Maryland DUI lawyers often hear their clients claim that the prosecution has no evidence against them. While being confident is a wonderful thing, assuming that the prosecution has no evidence against you is naïve, and only shows that you do not know what exact evidence they have on you until they absolutely have to share it with you.

It is important to be aware that there are two different types of evidence in a DUI case: direct evidence and circumstantial evidence.

Direct evidence

St. Mary’s, Maryland DUI attorneys define direct evidence as any information that proves a fact beyond doubt without the need to interpretation or reasoning. For instance, an eye witness who saw a drunk driver clearly inebriated and showing symptoms of inebriation may testify in court. This is considered direct evidence for the most part. Other examples of direct evidence include breath test results, blood test results, urine test results, and field sobriety test results, to name a few.

In conclusion, when a person see’s water drops falling out of the sky, it is direct evidence that it is raining. There is no requirement to interpret or argue about what the evidence points towards, it is pretty direct.

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Circumstantial evidence

Circumstantial evidence is a little more complicated and it does require interpretation and reasoning to a certain extent to prove its point. This is where a Maryland DUI defense lawyer will prove to be invaluable for a defendant. These legal representatives are professionals and know exactly how to invalidate such evidence thanks to their brilliant reasoning and debating skills.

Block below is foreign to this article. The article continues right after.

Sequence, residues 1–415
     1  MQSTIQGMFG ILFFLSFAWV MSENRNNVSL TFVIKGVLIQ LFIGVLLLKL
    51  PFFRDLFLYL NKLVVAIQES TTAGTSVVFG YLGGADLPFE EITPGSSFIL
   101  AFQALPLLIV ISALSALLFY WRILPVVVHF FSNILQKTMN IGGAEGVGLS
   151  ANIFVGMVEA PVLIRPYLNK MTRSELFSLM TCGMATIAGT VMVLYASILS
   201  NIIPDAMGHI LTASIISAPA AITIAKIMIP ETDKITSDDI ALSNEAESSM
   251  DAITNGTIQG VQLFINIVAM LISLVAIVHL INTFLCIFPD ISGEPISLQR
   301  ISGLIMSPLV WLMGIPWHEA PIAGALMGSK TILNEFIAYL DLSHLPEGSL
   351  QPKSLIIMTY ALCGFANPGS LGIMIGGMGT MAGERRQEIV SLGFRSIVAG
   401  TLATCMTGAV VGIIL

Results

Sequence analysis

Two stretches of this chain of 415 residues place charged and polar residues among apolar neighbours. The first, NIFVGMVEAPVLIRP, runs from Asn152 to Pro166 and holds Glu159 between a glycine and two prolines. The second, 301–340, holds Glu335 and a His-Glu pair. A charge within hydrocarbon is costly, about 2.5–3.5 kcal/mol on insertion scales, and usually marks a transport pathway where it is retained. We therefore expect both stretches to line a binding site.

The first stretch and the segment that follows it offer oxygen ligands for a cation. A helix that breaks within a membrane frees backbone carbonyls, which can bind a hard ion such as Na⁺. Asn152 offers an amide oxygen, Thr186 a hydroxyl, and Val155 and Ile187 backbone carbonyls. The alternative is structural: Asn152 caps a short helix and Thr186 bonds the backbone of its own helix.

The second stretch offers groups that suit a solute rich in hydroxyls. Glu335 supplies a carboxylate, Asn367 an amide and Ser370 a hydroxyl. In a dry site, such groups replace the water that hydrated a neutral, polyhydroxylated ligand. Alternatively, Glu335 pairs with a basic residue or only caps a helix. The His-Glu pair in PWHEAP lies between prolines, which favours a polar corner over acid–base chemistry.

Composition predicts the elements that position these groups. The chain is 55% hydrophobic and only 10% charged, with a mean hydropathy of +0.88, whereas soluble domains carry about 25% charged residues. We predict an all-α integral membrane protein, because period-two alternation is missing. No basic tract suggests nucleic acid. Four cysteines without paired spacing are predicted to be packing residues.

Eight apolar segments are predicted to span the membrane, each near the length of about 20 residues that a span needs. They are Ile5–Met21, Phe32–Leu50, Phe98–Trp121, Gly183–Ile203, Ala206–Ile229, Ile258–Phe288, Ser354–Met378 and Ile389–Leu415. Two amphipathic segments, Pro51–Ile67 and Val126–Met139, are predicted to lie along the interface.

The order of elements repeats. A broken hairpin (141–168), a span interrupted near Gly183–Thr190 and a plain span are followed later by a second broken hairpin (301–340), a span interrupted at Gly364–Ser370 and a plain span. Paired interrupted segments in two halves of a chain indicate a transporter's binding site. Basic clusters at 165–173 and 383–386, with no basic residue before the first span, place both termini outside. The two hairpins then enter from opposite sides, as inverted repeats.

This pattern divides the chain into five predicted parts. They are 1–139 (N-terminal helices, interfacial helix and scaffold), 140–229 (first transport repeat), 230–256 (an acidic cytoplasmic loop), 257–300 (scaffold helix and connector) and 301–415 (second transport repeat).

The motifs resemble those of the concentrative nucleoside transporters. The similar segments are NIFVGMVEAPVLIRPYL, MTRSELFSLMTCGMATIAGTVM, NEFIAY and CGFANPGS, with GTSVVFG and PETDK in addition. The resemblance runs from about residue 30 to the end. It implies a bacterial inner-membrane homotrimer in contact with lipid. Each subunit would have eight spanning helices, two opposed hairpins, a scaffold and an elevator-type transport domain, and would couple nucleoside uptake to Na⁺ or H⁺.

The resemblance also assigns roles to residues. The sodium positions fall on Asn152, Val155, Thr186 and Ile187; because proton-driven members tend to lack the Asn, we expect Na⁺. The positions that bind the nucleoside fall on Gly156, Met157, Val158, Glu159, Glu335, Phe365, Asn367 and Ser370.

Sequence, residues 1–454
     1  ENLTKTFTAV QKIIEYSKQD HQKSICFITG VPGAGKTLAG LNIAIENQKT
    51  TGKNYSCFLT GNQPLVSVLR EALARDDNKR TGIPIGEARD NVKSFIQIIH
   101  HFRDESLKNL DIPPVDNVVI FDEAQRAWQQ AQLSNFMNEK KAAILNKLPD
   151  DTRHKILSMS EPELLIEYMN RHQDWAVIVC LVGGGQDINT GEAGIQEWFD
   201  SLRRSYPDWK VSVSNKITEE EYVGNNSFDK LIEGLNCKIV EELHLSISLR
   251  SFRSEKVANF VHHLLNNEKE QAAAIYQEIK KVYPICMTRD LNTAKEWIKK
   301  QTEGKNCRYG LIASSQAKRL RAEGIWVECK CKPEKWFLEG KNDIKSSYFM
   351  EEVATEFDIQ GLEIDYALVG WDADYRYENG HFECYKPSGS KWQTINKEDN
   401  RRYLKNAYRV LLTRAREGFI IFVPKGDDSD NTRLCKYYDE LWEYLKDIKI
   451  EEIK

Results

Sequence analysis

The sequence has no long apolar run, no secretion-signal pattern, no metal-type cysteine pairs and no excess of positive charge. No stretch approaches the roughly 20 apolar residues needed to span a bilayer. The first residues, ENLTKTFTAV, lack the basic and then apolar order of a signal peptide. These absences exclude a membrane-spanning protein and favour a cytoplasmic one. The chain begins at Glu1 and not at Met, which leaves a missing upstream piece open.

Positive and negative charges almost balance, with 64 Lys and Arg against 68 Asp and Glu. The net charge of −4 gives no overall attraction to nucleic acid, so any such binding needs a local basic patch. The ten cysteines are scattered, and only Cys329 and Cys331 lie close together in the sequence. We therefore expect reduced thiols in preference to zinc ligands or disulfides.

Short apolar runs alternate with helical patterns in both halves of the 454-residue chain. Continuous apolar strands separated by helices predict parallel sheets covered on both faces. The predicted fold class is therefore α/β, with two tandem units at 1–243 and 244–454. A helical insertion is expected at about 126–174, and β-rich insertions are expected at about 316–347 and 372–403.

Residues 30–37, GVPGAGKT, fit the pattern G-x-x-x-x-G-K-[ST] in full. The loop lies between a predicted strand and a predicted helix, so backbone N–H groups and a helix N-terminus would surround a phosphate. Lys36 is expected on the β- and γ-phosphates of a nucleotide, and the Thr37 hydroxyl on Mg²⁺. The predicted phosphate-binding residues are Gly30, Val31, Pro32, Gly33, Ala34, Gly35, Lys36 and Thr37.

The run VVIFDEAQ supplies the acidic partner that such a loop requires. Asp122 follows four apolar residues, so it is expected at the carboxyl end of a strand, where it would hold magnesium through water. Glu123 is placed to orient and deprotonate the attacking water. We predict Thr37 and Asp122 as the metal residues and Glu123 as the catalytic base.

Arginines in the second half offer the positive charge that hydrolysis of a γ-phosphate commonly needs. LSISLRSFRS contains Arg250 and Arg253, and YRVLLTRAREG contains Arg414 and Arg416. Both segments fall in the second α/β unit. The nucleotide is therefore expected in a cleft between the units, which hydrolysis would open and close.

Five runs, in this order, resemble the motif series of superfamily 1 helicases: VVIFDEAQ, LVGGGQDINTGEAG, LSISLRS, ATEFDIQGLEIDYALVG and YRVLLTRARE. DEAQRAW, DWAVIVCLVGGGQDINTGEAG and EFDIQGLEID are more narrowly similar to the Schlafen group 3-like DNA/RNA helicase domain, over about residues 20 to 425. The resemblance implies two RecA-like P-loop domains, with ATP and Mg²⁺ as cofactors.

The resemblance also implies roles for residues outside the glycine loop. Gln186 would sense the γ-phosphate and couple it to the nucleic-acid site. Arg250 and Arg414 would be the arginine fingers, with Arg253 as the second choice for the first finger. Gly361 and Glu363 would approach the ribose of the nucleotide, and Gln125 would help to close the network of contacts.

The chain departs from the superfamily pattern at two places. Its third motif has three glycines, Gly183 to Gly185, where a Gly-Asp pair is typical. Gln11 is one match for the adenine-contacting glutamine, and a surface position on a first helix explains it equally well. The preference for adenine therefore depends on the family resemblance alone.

In fact, charismatic and sharp DUI lawyers are well versed with direct evidence where they are sometimes able to disprove direct evidence. In some cases, legal professionals argue that results obtained from breathalyzers are not accurate and that it is scientifically proven that these machines actually calculate breath alcohol and not blood alcohol. In other cases, they are able to determine flaws made during the arrest or during field sobriety testing and get the case dismissed even though there exists plenty of direct evidence.

Going back to circumstantial evidence, it is evidence where reasoning and common sense will need to be applied to the circumstances provided. So for instance if a person wakes up one morning and notices that the roads are wet, this is circumstantial evidence that it rained overnight.

Is circumstantial evidence sufficient to convict a DUI suspect?

According to Maryland DUI lawyers the answer to that question is in the affirmative. Circumstantial evidence is alone sufficient to prove a DUI case and send the suspect to prison. In most DUI cases where chemical testing results are not available, the prosecution uses circumstantial evidence alone.

To prove their point, prosecutors will use evidence such as reckless driving, smell of alcohol on the suspect’s person during arrest, signs of inebriation, inability to pass field sobriety tests, and even if the suspect refused to take any sobriety tests – that fact alone also serves as circumstantial evidence. Therefore, the law in most states allow for a DUI case to be concluded without any direct evidence.